The coastal ecologist who serves as postdoctoral research fellow at the Coalition and Woodwell Climate Research Center began the season collecting the first round of data from a three-year study of a restoration technique for declining salt marshes on Buzzards Bay and beyond.
And in late July, she was elected to the Governing Board of the Coastal and Estuarine Research Federation (CERF), an organization with more than 1,700 members engaged in the study, management, and stewardship of coastal environments. Founded in 1971, it promotes research into coastal ecology and facilitates ongoing dialogue among scientists, policymakers and the public. Besterman will serve a two-year term as the organization’s secretary of the Board.
“I’m thrilled to have this opportunity. CERF brings together fundamental and applied science to add to our knowledge about how coastal and estuarine ecosystems function and how they can best be managed,” Besterman said. “It’s very much in keeping with the way that the Coalition approaches its mission to protect Buzzards Bay, basing its efforts on scientific data.”
Besterman is leading the Coalition’s effort to test runnelling, a process in which shallow channels are dug in a saltmarsh to aid the natural tidal flow and drain impounded water that would otherwise kill marsh vegetation. The multi-year effort, which involves marshes in Dartmouth and Fairhaven, should provide insights into whether and how this adaptation technique can be used in other salt marshes threatened by climate change and human activity.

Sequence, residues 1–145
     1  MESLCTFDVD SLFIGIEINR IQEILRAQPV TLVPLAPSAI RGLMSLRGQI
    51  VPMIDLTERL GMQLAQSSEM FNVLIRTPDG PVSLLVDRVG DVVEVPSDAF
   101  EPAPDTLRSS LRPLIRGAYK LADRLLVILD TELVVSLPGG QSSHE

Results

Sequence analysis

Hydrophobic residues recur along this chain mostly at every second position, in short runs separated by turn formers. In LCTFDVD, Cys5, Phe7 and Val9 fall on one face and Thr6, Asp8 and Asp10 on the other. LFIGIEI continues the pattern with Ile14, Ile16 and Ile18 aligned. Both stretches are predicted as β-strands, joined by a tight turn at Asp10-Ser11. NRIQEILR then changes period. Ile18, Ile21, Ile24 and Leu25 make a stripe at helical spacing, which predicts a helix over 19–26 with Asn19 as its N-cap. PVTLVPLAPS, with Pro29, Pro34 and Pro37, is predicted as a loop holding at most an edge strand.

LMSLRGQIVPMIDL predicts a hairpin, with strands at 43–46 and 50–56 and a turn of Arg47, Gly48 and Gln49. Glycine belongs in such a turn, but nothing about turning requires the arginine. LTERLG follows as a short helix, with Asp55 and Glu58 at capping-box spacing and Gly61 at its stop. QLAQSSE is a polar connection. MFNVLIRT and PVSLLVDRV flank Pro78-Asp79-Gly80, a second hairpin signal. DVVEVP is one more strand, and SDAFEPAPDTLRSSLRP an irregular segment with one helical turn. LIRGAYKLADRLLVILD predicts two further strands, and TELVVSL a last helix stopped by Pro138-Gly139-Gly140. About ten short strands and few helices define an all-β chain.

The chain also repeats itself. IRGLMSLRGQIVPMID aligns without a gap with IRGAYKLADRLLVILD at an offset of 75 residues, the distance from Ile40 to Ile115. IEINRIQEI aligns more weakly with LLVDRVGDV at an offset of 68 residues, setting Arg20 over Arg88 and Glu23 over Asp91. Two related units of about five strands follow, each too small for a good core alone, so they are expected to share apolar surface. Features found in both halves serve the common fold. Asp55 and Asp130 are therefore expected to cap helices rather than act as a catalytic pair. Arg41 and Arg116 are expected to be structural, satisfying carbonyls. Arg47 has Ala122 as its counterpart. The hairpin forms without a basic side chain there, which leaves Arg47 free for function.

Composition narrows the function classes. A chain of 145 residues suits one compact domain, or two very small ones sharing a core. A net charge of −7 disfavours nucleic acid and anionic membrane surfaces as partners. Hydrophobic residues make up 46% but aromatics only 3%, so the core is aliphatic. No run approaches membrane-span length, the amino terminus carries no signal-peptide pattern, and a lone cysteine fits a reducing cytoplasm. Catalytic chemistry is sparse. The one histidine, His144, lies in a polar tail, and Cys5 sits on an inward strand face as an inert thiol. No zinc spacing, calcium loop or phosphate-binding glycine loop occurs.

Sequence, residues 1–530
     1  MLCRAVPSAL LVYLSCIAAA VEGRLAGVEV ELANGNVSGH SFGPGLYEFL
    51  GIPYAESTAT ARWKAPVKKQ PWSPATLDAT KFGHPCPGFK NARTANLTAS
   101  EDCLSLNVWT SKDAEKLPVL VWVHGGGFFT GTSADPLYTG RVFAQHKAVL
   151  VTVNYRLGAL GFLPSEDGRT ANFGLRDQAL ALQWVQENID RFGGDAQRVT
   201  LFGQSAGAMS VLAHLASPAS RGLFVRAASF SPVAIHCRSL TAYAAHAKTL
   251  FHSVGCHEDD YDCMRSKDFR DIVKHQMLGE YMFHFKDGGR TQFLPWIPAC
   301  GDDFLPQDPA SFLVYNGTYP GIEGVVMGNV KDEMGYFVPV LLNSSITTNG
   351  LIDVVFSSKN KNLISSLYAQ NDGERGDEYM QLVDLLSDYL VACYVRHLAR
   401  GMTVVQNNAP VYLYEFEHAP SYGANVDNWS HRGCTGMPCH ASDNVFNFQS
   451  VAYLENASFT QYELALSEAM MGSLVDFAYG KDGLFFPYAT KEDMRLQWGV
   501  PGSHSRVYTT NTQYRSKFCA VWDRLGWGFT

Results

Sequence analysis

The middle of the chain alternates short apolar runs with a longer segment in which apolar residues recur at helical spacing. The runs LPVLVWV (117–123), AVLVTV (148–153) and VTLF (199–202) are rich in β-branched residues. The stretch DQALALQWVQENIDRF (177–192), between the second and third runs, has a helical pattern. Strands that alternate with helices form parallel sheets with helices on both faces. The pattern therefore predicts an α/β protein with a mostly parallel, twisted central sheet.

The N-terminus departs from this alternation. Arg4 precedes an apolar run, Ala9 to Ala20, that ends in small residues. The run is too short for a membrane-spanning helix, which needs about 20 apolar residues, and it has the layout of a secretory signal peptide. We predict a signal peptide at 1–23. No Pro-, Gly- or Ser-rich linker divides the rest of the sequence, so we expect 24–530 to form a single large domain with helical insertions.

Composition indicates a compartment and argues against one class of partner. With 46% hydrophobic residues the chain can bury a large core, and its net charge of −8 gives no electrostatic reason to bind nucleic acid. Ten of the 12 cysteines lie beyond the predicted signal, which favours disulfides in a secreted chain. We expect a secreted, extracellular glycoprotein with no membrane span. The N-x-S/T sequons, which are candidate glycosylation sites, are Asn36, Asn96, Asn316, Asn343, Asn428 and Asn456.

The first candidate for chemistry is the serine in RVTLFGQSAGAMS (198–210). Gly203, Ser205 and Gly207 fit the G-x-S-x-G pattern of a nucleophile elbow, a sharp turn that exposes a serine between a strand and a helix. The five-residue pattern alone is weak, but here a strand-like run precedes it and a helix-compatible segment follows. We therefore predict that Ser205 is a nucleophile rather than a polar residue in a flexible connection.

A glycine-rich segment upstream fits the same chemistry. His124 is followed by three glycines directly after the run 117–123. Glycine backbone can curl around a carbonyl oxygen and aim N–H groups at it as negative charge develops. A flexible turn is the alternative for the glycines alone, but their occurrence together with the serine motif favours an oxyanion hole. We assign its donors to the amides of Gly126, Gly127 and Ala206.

Mark Rasmussen, president of the Coalition, said that Besterman is an outstanding choice to serve on the CERF governing board. “Alice not only brings a great deal of energy and insight to our work, but also a great collaborative style that has strengthened our partnerships with other nonprofits and with local municipalities,” he said. “Her election to the Board speaks to her growing reputation and visibility in the coastal research community.”
In the past year, Besterman has presented information about the Coalition’s salt marsh restoration project at professional conferences, including those held by CERF. In fact, the group’s most recent regional conference also included a presentation on the project by Northeastern student Melissa Herring, who served as an intern for the effort last year and is now continuing on in a data management role with grant support from the National Science Foundation.
Creating more opportunities for students to gain experience in environmental science is of great interest to Besterman. During her term on the organization’s governing board, she hopes to focus on programs that promote diversity and equity in the field. “Right now, there is a real lack of access to internship opportunities for folks who don’t have the family resources to work for free as an intern or volunteer,” she said. “An organization like CERF can raise more funds to develop scholarships for student internships, and that’s what I hope to be involved in while I’m on the governing board.”